Under the Dome

This week we answer two pressing questions – can you read a book and lift weights at the same time and can Stephen King write a decent ending to a very long book? If you read the Dark Tower series you might think the answer to the second question is a resounding no. (After all even Mr. King warned people that reading the final chapter might not be the best idea.) And that's not mentioning the mystery novel that Mr. King wrote that never shed any light on whodunit. Not that I'm bitter. Anyway, I was a little trepidatious about reading Under the Dome because I didn't want to read more than a thousand pages, get attached to various characters (some of whom are guaranteed to die) only to be left with the burning question of WHY unanswered.

Under the Dome takes place in a small town in Maine, near the often doomed towns of Castle Rock and Derry. One fine fall day the inhabitants of Chester's Mill are horrified when a plane falls out of the sky, closely followed by the horrible crash of a big truck. In the ensuing confusion many people think the plane and the truck crashed into each other, but the actual story is considerably more mysterious. The plane was flying along, minding its own business, when it crashed into an invisible barrier and exploded. The truck was barreling along at a good pace and hit the same barrier, with obvious bad results. At the same time a small furry animal, that is also minding its own business, is cut in two by the barrier and other mishaps ensue, although none as dramatic as the plane or truck. By the end of the day the townspeople will discovered they're trapped in the dome, the murders will have started and a wretched, wretched man will have begun a dictatorship.

To make matters even more complicated for the townspeople, the outside world, which is just as baffled by the turn of events as those directly impacted, suspects that the Dome surrounding the town is the result of terrorism and that those responsible may be in the town. So the military is supposed to help them, but is also supposed to treat them as suspects. But that's not all – if the Dome is impenetrable what kind of help can anyone deliver? It's horrifying for everyone to have the barrier there; those on the inside can't get out or get what they need and those on the outside can't do even the simplest thing to help.

Stress starts to take its toll on the townspeople immediately, as the horror of the accidental deaths and murders sink in. At the same time the second selectman starts to manipulate the citizens, pushing and poking them so they fracture faster. His goal is to increase and consolidate his power, as well as cover up something very big that will ruin him if it gets out. Opposing him is Barbie, who was on his way out of town after being jumped in the parking lot of the restaurant where he was working as a cook. The selectman's son Junior was one of the assailants and Barbie knows his continued stay in Chester's Mill would be miserable so he's trying to hitch out of town when the Dome comes smashing down, cutting off all egress.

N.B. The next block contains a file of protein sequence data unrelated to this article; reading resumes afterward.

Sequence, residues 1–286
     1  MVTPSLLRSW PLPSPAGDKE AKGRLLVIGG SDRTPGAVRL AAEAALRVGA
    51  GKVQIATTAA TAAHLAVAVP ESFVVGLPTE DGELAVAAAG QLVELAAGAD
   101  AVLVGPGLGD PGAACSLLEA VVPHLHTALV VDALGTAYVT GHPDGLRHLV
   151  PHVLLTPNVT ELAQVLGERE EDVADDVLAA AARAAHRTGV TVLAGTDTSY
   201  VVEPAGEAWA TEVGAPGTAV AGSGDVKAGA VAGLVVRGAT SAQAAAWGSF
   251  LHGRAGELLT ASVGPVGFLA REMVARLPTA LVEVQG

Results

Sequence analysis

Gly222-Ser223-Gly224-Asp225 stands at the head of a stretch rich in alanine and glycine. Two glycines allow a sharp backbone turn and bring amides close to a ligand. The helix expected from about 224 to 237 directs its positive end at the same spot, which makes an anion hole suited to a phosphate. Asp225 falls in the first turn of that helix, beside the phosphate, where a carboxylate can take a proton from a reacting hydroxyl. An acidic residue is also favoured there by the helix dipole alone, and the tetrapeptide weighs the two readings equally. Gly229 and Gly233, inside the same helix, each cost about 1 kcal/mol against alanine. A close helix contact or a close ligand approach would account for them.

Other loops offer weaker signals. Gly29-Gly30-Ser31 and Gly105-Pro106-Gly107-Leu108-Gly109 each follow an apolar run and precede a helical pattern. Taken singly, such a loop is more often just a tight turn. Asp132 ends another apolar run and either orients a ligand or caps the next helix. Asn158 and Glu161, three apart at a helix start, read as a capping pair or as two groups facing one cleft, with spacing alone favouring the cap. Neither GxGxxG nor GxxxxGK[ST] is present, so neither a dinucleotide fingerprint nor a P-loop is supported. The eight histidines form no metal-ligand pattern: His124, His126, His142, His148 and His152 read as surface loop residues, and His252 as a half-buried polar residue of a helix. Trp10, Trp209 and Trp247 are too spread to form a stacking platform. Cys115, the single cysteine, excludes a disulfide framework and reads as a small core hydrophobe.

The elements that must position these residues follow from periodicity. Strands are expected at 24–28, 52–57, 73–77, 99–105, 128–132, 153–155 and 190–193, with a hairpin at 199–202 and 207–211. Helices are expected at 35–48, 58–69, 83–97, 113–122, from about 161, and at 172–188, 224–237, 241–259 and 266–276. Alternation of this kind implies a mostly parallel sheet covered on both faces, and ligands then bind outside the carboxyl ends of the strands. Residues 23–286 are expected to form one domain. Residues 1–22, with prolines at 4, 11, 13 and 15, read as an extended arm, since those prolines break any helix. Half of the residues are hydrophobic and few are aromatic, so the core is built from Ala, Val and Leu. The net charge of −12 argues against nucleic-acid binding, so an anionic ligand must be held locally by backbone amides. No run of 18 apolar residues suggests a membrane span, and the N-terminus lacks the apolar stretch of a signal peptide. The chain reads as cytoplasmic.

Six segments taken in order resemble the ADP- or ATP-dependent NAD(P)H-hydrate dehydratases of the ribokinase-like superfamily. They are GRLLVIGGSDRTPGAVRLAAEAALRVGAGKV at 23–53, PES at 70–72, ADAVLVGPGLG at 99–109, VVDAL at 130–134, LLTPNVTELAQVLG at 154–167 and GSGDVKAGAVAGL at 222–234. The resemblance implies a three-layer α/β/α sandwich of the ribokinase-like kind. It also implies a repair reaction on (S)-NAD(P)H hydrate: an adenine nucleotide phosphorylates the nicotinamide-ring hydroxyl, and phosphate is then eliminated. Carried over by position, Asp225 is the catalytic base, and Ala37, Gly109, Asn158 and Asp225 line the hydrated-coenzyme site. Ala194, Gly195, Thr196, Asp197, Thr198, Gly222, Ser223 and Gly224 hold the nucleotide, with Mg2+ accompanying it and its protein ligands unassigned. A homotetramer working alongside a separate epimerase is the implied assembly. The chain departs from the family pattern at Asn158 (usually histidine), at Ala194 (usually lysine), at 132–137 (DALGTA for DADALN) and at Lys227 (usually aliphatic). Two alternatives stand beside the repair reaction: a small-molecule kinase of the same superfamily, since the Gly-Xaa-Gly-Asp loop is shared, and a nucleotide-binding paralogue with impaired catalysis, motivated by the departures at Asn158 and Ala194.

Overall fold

Life under the Dome would be hard enough if the only thing the inhabitants had to deal with was isolation from the rest of the world but they have many more problems pressing in on them. There are environmental issues, with pollution building up very quickly, especially following things like the fire from the plane and truck disasters. The hospital is grievously understaffed, leaving the injured and ill in dire straits.

Anyone who has read one of the Mr. King's longer works knows what to expect. Loads of characters, lots of death and destructions, sustained suspense and worry over the characters, who worm into our hearts with ease and a little wear and tear on said hearts. Under the Dome is longer than most of Mr. King's books and I was somewhat worried that I would want to try and finish it at one go, which would be tough, especially on a weeknight. Luckily I was able to put it down long enough to get stuff done, at least until I got to the last two hundred or so pages, at which point I pretty much swallowed it in one enormous gulp that might have choked a less determined reader. At the beginning of this column I said I was worried that I was going to be left with a lot of questions about what happened to cause the Dome and why but that fear was unfounded. I came away from this book feeling pretty satisfied.

The only real question I have is what is the message of this book? Of course not every horror books is going to have a message, or at least not one beyond "Don't go in there", but I did feel there was a message in Under the Dome. But the message I took away is disturbing because it seemed to me that message is don't excel. Hide your light under a barrel. Blend in or else. And if someone is cruel to you for being different then you stop being different. I was kind of appalled. I'm curious to see if anyone else has that same interpretation.

You can read an excerpt here: http://simon.worldarcstudio.com/WAS/LandingPage/v1/130/staging/22177_exc....

One-Paragraph Review

This week's one-paragraph review is from Fhtagn who writes in to say, "Call of Cthulu: Dark Corners of the Earth is awesome. The insanity meter causes panic as soon as anything strange or chilling happens. Your vision blurs and your hands shake. Some thing is charging at you – as it approaches you shoot it rapidly, just as it reaches you it falls to the ground unmoving, your heart rate slowly returns to normal but there are more lurking in the shadows. Madness reigns." Do you have a one-paragraph (or smaller) review you'd like to share? Send it in to me for consideration. You can reach me at feedback@qualitytimeweekly.com.